PR Newswire: New Survey Details the State of Online Privacy and Social Media in America Amidst GDPR (PRESS RELEASE). “A new survey conducted by Washington-based digital agency Rad Campaign and analytics firm Lincoln Park Strategies has found 3 out of 5 Americans distrust social media when it comes to protecting their privacy online. Despite increased use of social media platforms Facebook, Instagram, YouTube, and Snapchat and use of smart speakers like Amazon Echo and Google Home, most Americans have little or no trust that these platforms, or current laws, will protect them.”
Pew (pew pew pew pew pew!): Our expanded focus on trust, facts and the state of democracy. “Today, we are issuing a comprehensive look at public attitudes on the state of American democracy. In the months ahead, we will examine how Americans balance the desire to address false news and First Amendment freedoms, explore how news consumers differentiate between fact and opinion in news content, and add to our existing research on how trust functions in democracies. We also plan to take a close look at public confidence in the electoral process. And in an upcoming 30-nation study, we will bring a global perspective to these issues.”
KTUU: Report finds confidence in social media platforms at a crisis point. “With controversy swirling around social media companies, an Internet safety group says users’ trust in them has sunk to an all-time low. Getting back in good standing for these companies that are now ever-present in our society could come at a dial-up pace. Tom Galvin’s company Digital Citizens Alliance conducted a report that finds 71 percent of respondents lost trust in Facebook. They say 51 percent find it to be an irresponsible company.”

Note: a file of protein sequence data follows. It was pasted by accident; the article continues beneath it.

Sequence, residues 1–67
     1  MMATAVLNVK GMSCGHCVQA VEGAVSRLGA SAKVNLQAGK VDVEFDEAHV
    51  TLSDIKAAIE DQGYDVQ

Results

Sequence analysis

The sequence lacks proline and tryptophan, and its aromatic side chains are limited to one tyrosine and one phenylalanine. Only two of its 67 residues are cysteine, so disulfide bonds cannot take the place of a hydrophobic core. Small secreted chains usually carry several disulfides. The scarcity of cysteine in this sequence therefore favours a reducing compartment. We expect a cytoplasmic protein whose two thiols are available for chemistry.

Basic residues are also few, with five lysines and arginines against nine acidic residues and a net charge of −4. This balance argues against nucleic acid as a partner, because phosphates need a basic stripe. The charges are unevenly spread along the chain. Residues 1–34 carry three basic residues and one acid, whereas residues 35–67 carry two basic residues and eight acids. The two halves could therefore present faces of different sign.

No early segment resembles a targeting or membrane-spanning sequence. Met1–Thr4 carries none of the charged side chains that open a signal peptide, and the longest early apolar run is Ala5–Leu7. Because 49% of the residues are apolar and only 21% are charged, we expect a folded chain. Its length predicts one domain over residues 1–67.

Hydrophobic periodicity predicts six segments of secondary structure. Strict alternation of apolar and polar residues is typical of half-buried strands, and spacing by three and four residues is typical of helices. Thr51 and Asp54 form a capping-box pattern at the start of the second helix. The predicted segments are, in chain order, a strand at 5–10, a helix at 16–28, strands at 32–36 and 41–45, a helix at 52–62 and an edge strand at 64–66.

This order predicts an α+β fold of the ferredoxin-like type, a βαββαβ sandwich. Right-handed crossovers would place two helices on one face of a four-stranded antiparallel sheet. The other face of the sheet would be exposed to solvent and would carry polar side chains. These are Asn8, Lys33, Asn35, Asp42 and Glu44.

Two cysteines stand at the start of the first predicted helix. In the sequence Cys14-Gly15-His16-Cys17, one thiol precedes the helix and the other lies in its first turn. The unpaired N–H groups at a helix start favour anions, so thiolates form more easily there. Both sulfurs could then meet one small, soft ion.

AASLH: Most Trust Museums as Sources of Historical Information. “In an AASLH 2018 broader population sampling, conducted by Wilkening Consulting, we asked 1,000 people about the trustworthiness of four history sources, and a generic ‘museums.’ We found that 81% of respondents ranked history museums and historic sites as ‘absolutely’ or ‘somewhat’ trustworthy—making them more trustworthy than history textbooks and nonfiction, high school history teachers, and the internet as sources of history information.” AASLH stands for American Association for State and Local History.
ZDNet: Fake news fallout: Cascading collapse in trust for social media platforms, search and governements. “Facebook, Google and Twitter’s failure to deal with the damaging effects of fake news has created a broad distrust in social media platforms, search engines and news applications reports the Edelman Trust Barometer 2018 — a survey of more than 33,000 people in 28 countries. But trust in journalism has improved greatly and there is now a wide divide between peoples’ low regard for media platforms and their much improved respect for journalists and journalism.” The misspelling is in the headline as it is. I tend not to correct misspellings unless not doing so leaves the sentence incomprehensible.
The Guardian: Just one in four Britons trust news on social media, finds survey. “Only 24% of the UK population trust the likes of Twitter, Facebook and Instagram when looking for news and information, a survey has found. The Edelman trust barometer, published on Monday, suggests the days when social media was championed as an enabler of citizen journalists and for its role in the Arab Spring have passed.”
Pew (pew pew pew pew pew!): The Fate of Online Trust in the Next Decade. “Many experts say lack of trust will not be a barrier to increased public reliance on the internet. Those who are hopeful that trust will grow expect technical and regulatory change will combat users’ concerns about security and privacy. Those who have doubts about progress say people are inured to risk, addicted to convenience and will not be offered alternatives to online interaction. Some expect the very nature of trust will change.”